promised never to marry until sheF
herself had put her brother through
college and given her sisters what-
ever education they desired.
Pays Debt to Parents
She paid this debt during five years
of underpaid, overworked, teaching,
and the years following when she was
head of the history department of
Wellesley and president there.
Her class, the third after women
were admitted here, was composed of
11 women and 64 men. President
Angell said, "One of her most strik-
ing characteristics in college was her
warm and demonstrative sympathy
with her circle of friends. She could
not but be, to a certain degree, a
leader." She worked in the debating
club and other campus activities, was
connected with the Presbyterian
church, and taught the roughest class
in a mission school Sunday afternoon,
making money at tutoring on week
Human, After All
Her letters throw considerable light
on her life here. Present students
may take courage, for even she said,
"I had such an abominable habit of
wasting time." A different view arises
when she writes of the theater, "It
pays to go once, but it wouldn't do
for a University girl, with her hands
and head more than full, to indulge in
such 'exciting pleasures often."
"Ann Arbor has been in uncontroll-
able excitement this week," she wrote
another time. "Thirty boys have been
suspended and one expelled. The sen-
ior and junior classes are aroused
and the whole body of studentsibolted
chapel two mornings last week. At a
great meeting a petition was sent to
the faculty signed by 65 sophomores
and 70 freshmen asking to be sent
off, too, as they were equally guilty.
If there Is general suspension, the two
classes will go in a body to Cornell."
"Oracle" Explains Excitement
The explanation of this excitement
is in "The Oracle" of 1874. The morn-
ing after a sophomore-freshman fight
two boys of the winning class took a
banner to chapel. Outside the door
more than 50 others joined to make a
triumphal entry, when a member of
the faculty demanded the flag. The
boy who had it was suspended for
planning to disturb chapel, but such
indignation resulted as Mrs. Palmer
To her sister, Lucy, she wrote, "Oh
L! (meaning Lucy). Don't you wish
we could stop this dreadful liquor
She became h ead of the history de-
partment at Wellesley college in 1879,
and president in 1882, at the age of
27. In that sam( year, though her
hesis was neve finished, Michigan
conferred upon her the degree of
that "God could take a joke," and"it
was commonly believed that Miss
Freeman's Bible was not the ordin-
ary Bible, for out of- it came extraor-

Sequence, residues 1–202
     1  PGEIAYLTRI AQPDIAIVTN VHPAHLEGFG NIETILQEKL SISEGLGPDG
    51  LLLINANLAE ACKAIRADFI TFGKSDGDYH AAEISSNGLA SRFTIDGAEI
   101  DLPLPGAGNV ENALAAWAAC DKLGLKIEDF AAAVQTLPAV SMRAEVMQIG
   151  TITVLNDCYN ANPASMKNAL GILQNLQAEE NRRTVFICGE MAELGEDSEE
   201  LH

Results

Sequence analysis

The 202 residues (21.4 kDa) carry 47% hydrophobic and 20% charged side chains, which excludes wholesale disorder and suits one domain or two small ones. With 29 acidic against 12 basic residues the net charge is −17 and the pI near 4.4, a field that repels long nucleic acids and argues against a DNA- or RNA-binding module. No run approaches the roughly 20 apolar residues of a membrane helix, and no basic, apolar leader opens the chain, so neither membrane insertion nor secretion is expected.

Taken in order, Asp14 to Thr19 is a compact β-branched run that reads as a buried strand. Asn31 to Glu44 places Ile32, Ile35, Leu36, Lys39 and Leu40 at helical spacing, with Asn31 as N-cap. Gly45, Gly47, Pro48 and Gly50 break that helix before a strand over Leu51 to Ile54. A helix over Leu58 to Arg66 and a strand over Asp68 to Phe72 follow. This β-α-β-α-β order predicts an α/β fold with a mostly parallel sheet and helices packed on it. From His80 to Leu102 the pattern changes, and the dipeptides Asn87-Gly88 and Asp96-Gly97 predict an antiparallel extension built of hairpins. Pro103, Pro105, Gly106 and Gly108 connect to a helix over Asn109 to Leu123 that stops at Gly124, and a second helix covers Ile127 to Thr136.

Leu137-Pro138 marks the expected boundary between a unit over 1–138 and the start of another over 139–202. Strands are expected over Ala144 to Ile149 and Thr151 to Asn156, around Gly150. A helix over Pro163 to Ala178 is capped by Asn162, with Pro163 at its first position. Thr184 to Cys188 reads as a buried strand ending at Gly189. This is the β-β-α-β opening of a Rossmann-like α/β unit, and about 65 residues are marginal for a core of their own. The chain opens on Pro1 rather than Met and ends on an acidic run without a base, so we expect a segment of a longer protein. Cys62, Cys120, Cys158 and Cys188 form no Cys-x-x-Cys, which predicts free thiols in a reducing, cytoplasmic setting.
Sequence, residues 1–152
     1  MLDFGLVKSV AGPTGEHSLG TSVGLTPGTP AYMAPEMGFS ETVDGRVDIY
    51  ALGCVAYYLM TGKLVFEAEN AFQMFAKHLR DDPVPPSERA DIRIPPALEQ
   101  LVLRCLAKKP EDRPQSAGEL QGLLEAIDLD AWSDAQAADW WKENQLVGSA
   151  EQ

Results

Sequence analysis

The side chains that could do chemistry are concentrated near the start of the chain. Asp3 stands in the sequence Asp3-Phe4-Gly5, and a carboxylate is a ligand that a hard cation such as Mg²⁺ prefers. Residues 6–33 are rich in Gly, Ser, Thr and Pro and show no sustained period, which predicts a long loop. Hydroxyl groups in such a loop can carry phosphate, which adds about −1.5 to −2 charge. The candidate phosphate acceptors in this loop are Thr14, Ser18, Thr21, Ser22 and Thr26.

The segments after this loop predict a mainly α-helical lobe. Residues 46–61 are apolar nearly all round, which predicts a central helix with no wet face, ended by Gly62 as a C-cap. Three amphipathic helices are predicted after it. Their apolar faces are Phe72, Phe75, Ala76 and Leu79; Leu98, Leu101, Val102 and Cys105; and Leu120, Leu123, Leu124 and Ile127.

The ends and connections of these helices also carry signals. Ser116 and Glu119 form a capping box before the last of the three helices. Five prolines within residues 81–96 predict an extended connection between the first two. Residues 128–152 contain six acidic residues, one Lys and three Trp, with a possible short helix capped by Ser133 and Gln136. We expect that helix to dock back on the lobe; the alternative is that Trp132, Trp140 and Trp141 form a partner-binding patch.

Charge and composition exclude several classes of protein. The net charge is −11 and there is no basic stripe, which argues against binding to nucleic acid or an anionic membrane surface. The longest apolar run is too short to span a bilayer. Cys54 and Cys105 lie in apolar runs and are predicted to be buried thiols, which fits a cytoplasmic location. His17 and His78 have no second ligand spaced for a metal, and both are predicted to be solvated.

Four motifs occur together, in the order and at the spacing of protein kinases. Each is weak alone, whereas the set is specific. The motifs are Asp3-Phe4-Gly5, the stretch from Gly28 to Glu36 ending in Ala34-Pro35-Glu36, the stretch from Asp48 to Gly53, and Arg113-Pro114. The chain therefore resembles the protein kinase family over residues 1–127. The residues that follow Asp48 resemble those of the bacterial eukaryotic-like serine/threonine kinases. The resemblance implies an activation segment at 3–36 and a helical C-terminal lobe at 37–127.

dinary chapters, extraordinarily fitt-
ed to occasions that arose." She or-
ganized a Christian association that
later became a non-demoninational
Marries George Palmer
She married George Herbert Palm-
er of Cambridge, in 1887. She made
friends of everyone she met, and en-
tertained all in her home. She work
ed with the Collegiate Alumnae asso-
iation, was on the executive commit-
tee of Wellesley, and attended their
mneetings, and was for nine yeas
president of the Women's Educational
association of Boston.
"Europe we took as our play-
ground," wrote Mr. Palmer. They
spent 1888, 1895, and 1902, not sight
seeing, but enjoying Europe and its
people. They carried with them every
where "tablecloth, clock, hearth rug,
and many books to make even hotel
rooms look homelike." Into a holiday
no schoolgirl of 12 ever carried a
1902 Marks Her Death
Mrs. Palmer's death came in 1902.
Her prayer was, "God help me to give
what he gave-myself, and make that
self worth something to somebody;
teach me to love all as He has loved
for the sake of the infinite possibili-
ties locked up in every human soul."
IT IS THE FIRST DAY OF SPRING
(By Dr. "Thomas orOIll)
It is the first day of spring,
To gladden hearts again;
For the golden sun is shining
Upon the meadows and the plains,
The hillsides and the woodlands
No longer will remain
All covered with the beautiful snow,
That swells and warms the grain.
We welcome gladly springtime
Now the winter is gone;
For no sooner the sun its shines
The 'woodlands will be filled with
For these little songster will be
With the frog found hopping along,
That's been sleeping in the pools
Made, to get out by the sun.
Springtime is for nest building
On those twigs of trees,
Where little eggs will be laid in
With these birds to warm and feed
For no -sooner these eggs will be
These little featherless will be
Until they are strong enough
To fly through space to see.
Summer with flowers to appear
Upon the earth again,
For they're will be those refreshing
-To water themt again.
As we go from sringtime to summer
To be thus explained,
For spring and summer never fails to
For the old earth still remains.
HOSPITALS GET 17 INTEbNES
FROM SENIOR MEDIC CLASS
Seventeen new intern'es have been
appointed this semester at the Uni-
versity hospital and nine more are ex-
pected to be appointed by the end of
the week. Those already appointed
are all, members of the class of '20M
in this university.
The appointees in surgery are R.
M. Cleary, G. C. Adie, H. M. Nelson, J.
Manting, H. L. Miller, C. N. Weller,
and F. E. Curtis; in medicine, J. Pal-
ma, D. J. Barnes, L. J. Foster, and H.
G. Waller; in otology W. G. Stinson;
In ophthalmology R. E. Boice and R.
L. Jinch; in roentgenology E. F. Mer-
rill, and in dermatology A. Kurchner
and H. L. Keim.
Ph.D. in history
Her Presidency Brings Fame
During Alice Freeman's presidency,
Wellesley became famed everywhere,
largely through her own public lec-
tures at other colleges. The faculty
was improved through her choosing
estimable members, and the Academic
council of faculty members was or-
iginated, saholarship was raised,
equipment added, and a traditional
personality was established, Alice
"Isn't it fun to be president?" she
once exclaimed, and she encouraged
that enthusiasm to do, and freedom of
expression in each individual student.
She was' deeply religious, but thought
Branch Nickels Arcade
IU~ORM F IT
TALBOT- 2's in.
are curve cut to ft the.
Ctuet, feabody &Co:Incmkrs
Gowns a Specialty